The all-new Silverado's next-most-efficient setup is found in the rear-wheel-drive versions equipped with the 5.3-liter V8. The EPA rates that version at 17 mpg in the city, 23 on the highway and a combined 19 mpg. But the new turbo-four also compares favorably to the most fuel-efficient versions of the Silverado's top competitors. The Ford F-150's base engine, a 3.3-liter V6, delivers an EPA-estimated 19 mpg in the city, while the city fuel-economy offered the 3.6-liter V6 mild-hybrid found in the Ram 1500 is equivalent to the Silverado four at 20 mpg.
Chevy's 2.7-liter turbo engine comes standard on the mid-range LT and RST trim levels and weighs 380 pounds less than the 4.3-liter V6 it replaces. It offers 310 horsepower and 348 pound-feet of torque, which represent increases of 25 hp and 43 pound-feet over its larger predecessor and also outguns the base engines in the F-150 and Ram 1500. Chevy says it's also quicker, shaving more than 1 second off the 0-60 mph sprint. Its maximum towing capacity is 7,200 pounds, with a 2,280-pound maximum payload in regular-cab versions, which are currently only available to fleet customers.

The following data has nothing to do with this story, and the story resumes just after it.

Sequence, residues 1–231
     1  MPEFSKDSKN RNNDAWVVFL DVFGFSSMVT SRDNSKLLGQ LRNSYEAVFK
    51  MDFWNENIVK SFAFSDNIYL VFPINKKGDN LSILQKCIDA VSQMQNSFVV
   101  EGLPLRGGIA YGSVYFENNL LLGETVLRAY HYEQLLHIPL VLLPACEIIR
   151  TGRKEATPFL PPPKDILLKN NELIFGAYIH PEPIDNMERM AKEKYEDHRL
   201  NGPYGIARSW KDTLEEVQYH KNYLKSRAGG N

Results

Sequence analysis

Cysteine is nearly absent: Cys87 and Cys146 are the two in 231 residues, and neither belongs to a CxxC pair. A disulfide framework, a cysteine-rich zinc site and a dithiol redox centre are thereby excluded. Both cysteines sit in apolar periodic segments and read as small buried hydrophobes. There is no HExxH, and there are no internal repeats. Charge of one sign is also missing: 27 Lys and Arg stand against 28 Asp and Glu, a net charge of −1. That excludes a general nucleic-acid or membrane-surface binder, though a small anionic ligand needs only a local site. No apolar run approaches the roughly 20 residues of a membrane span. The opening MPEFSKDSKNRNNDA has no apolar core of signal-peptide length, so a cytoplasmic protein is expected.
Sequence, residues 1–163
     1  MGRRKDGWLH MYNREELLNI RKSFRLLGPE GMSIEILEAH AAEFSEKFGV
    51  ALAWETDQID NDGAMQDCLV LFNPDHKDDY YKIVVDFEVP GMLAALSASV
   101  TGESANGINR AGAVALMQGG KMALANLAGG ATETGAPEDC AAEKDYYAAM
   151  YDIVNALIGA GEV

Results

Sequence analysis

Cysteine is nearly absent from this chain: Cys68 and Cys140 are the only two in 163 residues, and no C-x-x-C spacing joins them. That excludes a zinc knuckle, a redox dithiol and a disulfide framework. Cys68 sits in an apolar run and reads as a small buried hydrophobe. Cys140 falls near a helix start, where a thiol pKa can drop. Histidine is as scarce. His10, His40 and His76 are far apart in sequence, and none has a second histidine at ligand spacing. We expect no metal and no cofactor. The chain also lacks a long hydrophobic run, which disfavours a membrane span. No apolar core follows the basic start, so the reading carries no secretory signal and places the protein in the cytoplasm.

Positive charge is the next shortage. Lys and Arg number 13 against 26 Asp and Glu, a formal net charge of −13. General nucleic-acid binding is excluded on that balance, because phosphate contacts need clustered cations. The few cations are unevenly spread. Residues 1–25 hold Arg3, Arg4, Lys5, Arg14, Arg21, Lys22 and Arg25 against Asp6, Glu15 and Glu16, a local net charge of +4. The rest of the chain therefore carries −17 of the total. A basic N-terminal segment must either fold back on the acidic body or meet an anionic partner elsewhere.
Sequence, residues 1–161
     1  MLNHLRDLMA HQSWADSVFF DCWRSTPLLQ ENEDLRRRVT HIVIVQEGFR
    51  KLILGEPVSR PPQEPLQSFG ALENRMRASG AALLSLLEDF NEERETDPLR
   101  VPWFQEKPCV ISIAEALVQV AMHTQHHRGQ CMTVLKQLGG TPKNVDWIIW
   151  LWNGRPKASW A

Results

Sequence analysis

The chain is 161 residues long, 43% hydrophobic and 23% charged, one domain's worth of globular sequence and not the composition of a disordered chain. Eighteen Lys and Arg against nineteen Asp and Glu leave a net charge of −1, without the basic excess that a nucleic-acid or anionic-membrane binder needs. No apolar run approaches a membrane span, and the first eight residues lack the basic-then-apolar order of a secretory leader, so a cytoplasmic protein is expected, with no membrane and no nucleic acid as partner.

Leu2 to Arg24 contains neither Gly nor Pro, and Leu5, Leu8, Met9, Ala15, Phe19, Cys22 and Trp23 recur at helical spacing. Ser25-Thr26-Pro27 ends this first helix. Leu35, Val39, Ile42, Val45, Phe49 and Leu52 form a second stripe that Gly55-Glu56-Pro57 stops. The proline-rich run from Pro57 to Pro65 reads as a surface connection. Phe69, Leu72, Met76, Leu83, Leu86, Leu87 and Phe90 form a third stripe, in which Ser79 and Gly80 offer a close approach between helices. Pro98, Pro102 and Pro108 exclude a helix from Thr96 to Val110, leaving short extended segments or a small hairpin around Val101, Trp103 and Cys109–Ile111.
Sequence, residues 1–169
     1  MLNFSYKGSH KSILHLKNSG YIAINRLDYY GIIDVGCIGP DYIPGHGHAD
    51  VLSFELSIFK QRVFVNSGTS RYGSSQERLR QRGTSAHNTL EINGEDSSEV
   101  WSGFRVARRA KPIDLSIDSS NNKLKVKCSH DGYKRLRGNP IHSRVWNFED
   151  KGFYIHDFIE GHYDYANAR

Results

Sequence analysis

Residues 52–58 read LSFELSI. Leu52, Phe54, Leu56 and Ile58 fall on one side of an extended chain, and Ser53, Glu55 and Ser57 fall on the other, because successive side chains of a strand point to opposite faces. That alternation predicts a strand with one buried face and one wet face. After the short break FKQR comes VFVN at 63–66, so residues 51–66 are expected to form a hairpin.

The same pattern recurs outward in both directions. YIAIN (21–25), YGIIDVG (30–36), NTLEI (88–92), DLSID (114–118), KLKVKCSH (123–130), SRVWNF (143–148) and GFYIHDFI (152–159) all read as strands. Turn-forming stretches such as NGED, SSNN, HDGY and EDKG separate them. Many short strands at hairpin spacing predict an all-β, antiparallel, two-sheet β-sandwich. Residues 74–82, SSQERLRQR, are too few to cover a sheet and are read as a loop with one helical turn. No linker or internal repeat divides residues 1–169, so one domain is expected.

The all-new engine, designed exclusively for trucks, features GM's active fuel management cylinder deactivation technology and active thermal management, which recovers exhaust heat for faster engine and transmission warmup, plus other features including stop-start technology to shut off the engine in stop-and-go traffic.
The 2019 Silverado is now on sale and is offered in eight trim levels and six engine and transmission combinations starting at $31,290 (or $39,890 for the LT in double-cab and $41,790 for the RST). Read what Autoblog thought of the 2.7-liter Turbo-equipped Silverado in our First Drive review.